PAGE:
|Rank||Name||Net Worth ($B)||Country|
|#1||Francoise Bettencourt Meyers & family||$71.4||🇫🇷 France|
|#2||Alice Walton||$68.0||🇺🇸 United States|
|#3||MacKenzie Scott||$54.9||🇺🇸 United States|
|#4||Julia Koch & family||$44.9||🇺🇸 United States|
|#5||Yang Huiyan & family||$31.4||🇨🇳 China|
|#6||Jacqueline Mars||$28.9||🇺🇸 United States|
|#7||Susanne Klatten||$25.8||🇩🇪 Germany|
|#8||Zhong Huijuan||$23.5||🇨🇳 China|
|#9||Laurene Powell Jobs & family||$22.1||🇺🇸 United States|
|#10||Iris Fontbona & family||$21.0||🇨🇱 Chile|
|#11||Zhou Qunfei & family||$18.6||🇭🇰 Hong Kong|
|#12||Fan Hongwei & family||$17.9||🇨🇳 China|
|#13||Gina Rinehart||$17.4||🇦🇺 Australia|
|#14||Charlene de Carvalho-Heineken & family||$17.1||🇳🇱 Netherlands|
|#15||Wu Yajun||$16.3||🇨🇳 China|
|#16||Abigail Johnson||$15.0||🇺🇸 United States|
|#17||Kirsten Rausing||$13.5||🇸🇪 Sweden|
|#18||Kwong Siu-hing||$13.0||🇭🇰 Hong Kong|
|#19||Lu Zhongfang||$12.7||🇨🇳 China|
|#20||Wang Laichun||$12.7||🇨🇳 China|
|#21||Cheng Xue||$10.8||🇨🇳 China|
|#22||Massimiliana Landini Aleotti & family||$10.6||🇮🇹 Italy|
|#23||Denise Coates||$9.9||🇬🇧 United Kingdom|
|#24||Lam Wai Ying||$9.1||🇭🇰 Hong Kong|
|#25||Ann Walton Kroenke||$9.1||🇺🇸 United States|
|#26||Savitri Jindal & family||$8.7||🇮🇳 India|
|#27||Nancy Walton Laurie||$8.2||🇺🇸 United States|
|#28||Blair Parry-Okeden||$8.2||🇺🇸 United States|
|#29||Diane Hendricks||$8.0||🇺🇸 United States|
|#30||Christy Walton||$7.8||🇺🇸 United States|
|#31||Zhao Yan||$7.8||🇨🇳 China|
|#32||Zeng Fangqin||$7.6||🇨🇳 China|
|#33||Magdalena Martullo-Blocher||$7.5||🇨🇭 Switzerland|
|#34||Rahel Blocher||$7.4||🇨🇭 Switzerland|
|#35||Marie-Hélène Habert||$7.2||🇫🇷 France|
|#36||Pamela Mars||$7.2||🇺🇸 United States|
|#37||Victoria Mars||$7.2||🇺🇸 United States|
|#38||Valerie Mars||$7.2||🇺🇸 United States|
|#39||Marijke Mars||$7.2||🇺🇸 United States|
|#40||Sandra Ortega Mera||$7.1||🇪🇸 Spain|
|#41||Antonia Ax:son Johnson & family||$7.0||🇸🇪 Sweden|
|#42||Sofie Kirk Kristiansen||$6.9||🇩🇰 Denmark|
|#43||Agnete Kirk Thinggaard||$6.9||🇩🇰 Denmark|
|#44||Li Haiyan||$6.7||🇨🇳 China|
|#45||Ronda Stryker||$6.6||🇺🇸 United States|
|#46||Marie Besnier Beauvalot||$6.3||🇫🇷 France|
|#47||Zheng Shuliang & family||$6.2||🇨🇳 China|
|#48||Meg Whitman||$5.8||🇺🇸 United States|
|#49||Chan Laiwa & family||$5.8||🇨🇳 China|
|#50||Maria Asuncion Aramburuzabala & family||$5.8||🇲🇽 Mexico|
All data as of January 15, 2021 (9AM PST)
MacKenzie Scott, ranked #3 on the list, was heavily involved in the early days of turning Amazon into an e-commerce behemoth. She was involved in areas from bookkeeping and accounts to negotiating the company’s first freight contract. Her high-profile divorce from Jeff Bezos captured the headlines, notably because she gained control over 4% of Amazon’s outstanding shares.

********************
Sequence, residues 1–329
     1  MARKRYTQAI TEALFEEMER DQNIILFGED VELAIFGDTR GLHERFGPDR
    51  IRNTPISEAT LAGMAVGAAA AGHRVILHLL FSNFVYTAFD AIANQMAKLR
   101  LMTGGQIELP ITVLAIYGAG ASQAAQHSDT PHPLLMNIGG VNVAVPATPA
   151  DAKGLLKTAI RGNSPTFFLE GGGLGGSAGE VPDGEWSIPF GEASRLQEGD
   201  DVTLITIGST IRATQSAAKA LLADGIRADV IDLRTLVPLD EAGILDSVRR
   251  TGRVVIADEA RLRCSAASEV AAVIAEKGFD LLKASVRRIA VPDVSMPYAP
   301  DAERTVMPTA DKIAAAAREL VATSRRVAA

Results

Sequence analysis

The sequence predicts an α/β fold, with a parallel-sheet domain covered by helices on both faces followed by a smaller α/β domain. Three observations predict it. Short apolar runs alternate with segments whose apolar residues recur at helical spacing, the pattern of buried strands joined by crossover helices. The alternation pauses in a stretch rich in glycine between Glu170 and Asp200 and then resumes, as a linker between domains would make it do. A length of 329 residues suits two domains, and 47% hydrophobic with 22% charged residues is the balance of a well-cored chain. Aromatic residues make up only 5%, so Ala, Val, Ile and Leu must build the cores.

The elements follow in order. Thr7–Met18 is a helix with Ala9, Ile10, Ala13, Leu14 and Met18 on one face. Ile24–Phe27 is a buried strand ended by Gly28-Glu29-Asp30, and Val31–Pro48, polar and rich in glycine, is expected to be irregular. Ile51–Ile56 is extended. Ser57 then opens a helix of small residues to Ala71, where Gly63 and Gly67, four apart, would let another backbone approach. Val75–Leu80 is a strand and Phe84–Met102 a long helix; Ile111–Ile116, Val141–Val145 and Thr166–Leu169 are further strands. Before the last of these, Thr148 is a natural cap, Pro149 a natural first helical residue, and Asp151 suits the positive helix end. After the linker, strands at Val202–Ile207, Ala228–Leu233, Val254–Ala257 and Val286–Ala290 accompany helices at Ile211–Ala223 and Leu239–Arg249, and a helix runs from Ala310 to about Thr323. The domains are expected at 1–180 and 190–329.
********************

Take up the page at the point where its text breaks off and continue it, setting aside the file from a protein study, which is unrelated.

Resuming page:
The total value of these shares? An eye-watering $38.3 billion—propelling her to the status of one of America’s richest people.
However, MacKenzie Scott has more altruistic ventures in mind for this wealth. In 2020, she gave away $5.8 billion towards causes such as climate change and racial equality in just four months, and is a signatory on the Giving Pledge.
[Scott’s near $6 billion donation has] to be one of the biggest annual distributions by a living individual.
—Melissa Berman, CEO of Rockefeller Philanthropy Advisors
Looking towards the East, Yang Huiyan became the richest woman in Asia after inheriting 70% of shares in the property development company Country Garden Holdings. The company went public in 2007, raising $1.6 billion in its IPO—an amount comparable to Google’s IPO in 2004.
To aid frontline health workers during the pandemic, Country Garden Holdings set up robotic, automated buffet stations to safely serve medical staff in Wuhan, China.
While the 50 richest women in the world have certainly made progress, the overall tier of billionaires is still very much a boys’ club. One thing that also factors into this could be the way this wealth is spent.
As many female billionaires inherited their wealth, a large share are more inclined to contribute to charitable causes where they can use their money to make an impact. What percentage of billionaires by gender have contributed at least $1 million in donations over the past five years?
Made $1mm in donations over last 5 years (%)
|Source of wealth||👩 Female philanthropists||👨 Male philanthropists|
Meanwhile, male billionaires are more likely to donate to charity if they built the wealth themselves—and many companies that fall into this category certainly stepped up during the early days of the COVID-19 crisis.
Putting the Cost of COVID-19 in Perspective